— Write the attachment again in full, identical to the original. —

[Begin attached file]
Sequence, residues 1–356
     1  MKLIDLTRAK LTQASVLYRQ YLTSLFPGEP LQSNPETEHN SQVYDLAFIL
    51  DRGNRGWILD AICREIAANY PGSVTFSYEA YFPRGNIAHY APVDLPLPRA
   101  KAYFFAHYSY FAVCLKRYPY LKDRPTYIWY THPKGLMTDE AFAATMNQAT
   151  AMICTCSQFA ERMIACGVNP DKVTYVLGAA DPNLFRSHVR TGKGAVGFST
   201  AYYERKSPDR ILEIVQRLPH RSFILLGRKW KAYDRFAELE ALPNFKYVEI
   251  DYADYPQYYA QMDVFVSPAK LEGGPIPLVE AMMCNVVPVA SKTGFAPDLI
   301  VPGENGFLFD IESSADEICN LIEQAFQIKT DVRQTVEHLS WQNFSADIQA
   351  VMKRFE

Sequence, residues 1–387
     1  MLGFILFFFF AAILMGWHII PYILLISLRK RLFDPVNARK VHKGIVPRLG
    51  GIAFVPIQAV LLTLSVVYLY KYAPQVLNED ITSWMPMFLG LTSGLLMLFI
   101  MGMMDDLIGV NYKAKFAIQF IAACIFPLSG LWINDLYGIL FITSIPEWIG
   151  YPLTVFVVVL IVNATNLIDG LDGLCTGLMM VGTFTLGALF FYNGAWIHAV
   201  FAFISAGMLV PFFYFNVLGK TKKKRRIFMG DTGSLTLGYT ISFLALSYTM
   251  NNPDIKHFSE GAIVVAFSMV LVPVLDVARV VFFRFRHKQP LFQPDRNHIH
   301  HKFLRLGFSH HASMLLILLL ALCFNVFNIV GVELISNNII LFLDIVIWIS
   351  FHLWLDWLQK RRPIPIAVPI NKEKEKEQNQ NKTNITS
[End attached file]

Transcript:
Sequence, residues 1–356
     1  MKLIDLTRAK LTQASVLYRQ YLTSLFPGEP LQSNPETEHN SQVYDLAFIL
    51  DRGNRGWILD AICREIAANY PGSVTFSYEA YFPRGNIAHY APVDLPLPRA
   101  KAYFFAHYSY FAVCLKRYPY LKDRPTYIWY THPKGLMTDE AFAATMNQAT
   151  AMICTCSQFA ERMIACGVNP DKVTYVLGAA DPNLFRSHVR TGKGAVGFST
   201  AYYERKSPDR ILEIVQRLPH RSFILLGRKW KAYDRFAELE ALPNFKYVEI
   251  DYADYPQYYA QMDVFVSPAK LEGGPIPLVE AMMCNVVPVA SKTGFAPDLI
   301  VPGENGFLFD IESSADEICN LIEQAFQIKT DVRQTVEHLS WQNFSADIQA
   351  VMKRFE

Sequence, residues 1–387
     1  MLGFILFFFF AAILMGWHII PYILLISLRK RLFDPVNARK VHKGIVPRLG
    51  GIAFVPIQAV LLTLSVVYLY KYAPQVLNED ITSWMPMFLG LTSGLLMLFI
   101  MGMMDDLIGV NYKAKFAIQF IAACIFPLSG LWINDLYGIL FITSIPEWIG
   151  YPLTVFVVVL IVNATNLIDG LDGLCTGLMM VGTFTLGALF FYNGAWIHAV
   201  FAFISAGMLV PFFYFNVLGK TKKKRRIFMG DTGSLTLGYT ISFLALSYTM
   251  NNPDIKHFSE GAIVVAFSMV LVPVLDVARV VFFRFRHKQP LFQPDRNHIH
   301  HKFLRLGFSH HASMLLILLL ALCFNVFNIV GVELISNNII LFLDIVIWIS
   351  FHLWLDWLQK RRPIPIAVPI NKEKEKEQNQ NKTNITS